Apr 23, 2017
There is one pitcher in the annals of modern (modern= since Topps existed) baseball, that turned convention on its head and excelled at accomplishing this most elusive accomplishment....of sorts.
Roger Craig was a league average pitcher for his career, yet ended up with two of the most spectacularly horrible W-L records back-to-back. Such is the fate of one who toiled for the Amazins' in those formative years.
The awfulness of the 1963 Mets is never noted because it was only the 3rd worst team of those early Mets years with 111 losses. The team had one eventual HOFer (Duke Snider), and ended up being outscored by ~250 runs. Roger Craig pitched a team-leading 236 innings that year with a 92 ERA+ and somehow finished 5-22. Was there any conceivable way that he could have avoided this fate?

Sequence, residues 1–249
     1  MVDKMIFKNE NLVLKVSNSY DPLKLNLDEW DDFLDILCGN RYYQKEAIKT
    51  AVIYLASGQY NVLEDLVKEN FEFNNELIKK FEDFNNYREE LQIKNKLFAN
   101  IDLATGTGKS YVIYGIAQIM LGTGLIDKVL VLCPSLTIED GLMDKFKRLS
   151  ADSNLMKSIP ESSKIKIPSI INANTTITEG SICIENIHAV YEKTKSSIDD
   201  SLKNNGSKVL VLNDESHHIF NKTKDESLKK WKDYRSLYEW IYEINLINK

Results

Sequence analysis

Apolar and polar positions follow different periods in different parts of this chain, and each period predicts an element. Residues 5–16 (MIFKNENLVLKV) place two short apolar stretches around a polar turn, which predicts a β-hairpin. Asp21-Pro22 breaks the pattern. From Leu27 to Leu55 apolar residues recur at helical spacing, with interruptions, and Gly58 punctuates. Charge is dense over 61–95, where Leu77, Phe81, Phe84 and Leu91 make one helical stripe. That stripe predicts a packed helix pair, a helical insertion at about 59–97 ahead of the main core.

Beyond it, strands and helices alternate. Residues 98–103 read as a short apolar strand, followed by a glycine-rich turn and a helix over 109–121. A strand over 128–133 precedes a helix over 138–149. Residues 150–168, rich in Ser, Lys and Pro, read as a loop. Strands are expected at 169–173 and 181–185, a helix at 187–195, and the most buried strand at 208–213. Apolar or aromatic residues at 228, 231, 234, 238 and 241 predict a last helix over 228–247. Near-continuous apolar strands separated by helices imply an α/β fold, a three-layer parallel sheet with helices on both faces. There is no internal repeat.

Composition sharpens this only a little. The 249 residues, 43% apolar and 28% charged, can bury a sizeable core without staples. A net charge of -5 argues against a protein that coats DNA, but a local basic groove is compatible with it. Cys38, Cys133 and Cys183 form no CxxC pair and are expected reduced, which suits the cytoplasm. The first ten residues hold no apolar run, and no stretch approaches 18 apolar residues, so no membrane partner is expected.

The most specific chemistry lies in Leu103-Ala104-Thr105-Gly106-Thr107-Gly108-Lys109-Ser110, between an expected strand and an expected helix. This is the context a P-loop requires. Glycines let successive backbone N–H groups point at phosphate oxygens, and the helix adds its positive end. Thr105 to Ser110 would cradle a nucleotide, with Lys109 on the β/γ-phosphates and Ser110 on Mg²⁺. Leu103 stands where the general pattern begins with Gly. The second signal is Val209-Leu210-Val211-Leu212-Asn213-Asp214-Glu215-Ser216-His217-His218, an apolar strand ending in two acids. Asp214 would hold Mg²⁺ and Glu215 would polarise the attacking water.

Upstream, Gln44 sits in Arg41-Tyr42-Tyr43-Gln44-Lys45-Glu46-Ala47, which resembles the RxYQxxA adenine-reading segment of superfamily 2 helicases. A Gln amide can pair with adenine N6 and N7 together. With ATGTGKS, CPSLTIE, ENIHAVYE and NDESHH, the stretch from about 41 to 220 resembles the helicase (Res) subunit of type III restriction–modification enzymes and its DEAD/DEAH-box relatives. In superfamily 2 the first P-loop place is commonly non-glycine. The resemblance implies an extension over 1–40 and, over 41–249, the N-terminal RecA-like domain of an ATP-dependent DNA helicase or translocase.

In a word....yes.
How's this for run support? He had 5 starts, in which he allowed 1 run over 8 innings or more and that resulted in a loss. He had 4 more quality starts, allowing 2 runs or less, with greater than 6 innings pitched that also resulted in a loss. There were five 1-0 losses and two 2-1 losses in total.
On a league average team (that would have scored 117 runs than the 1963 Mets), a 5-22 record definitely would not have happened. This even didn't happen on the 1963 Colt 45s, who scored even less than the Mets (Ken Johnson had 17 losses with a 119 ERA+).
Based on the evidence, the most likely reason for his record with the Mets is that Roger Craig was cursed by a fortune teller in Queens after losing his luggage and going into the wrong storefront. Another mystery solved.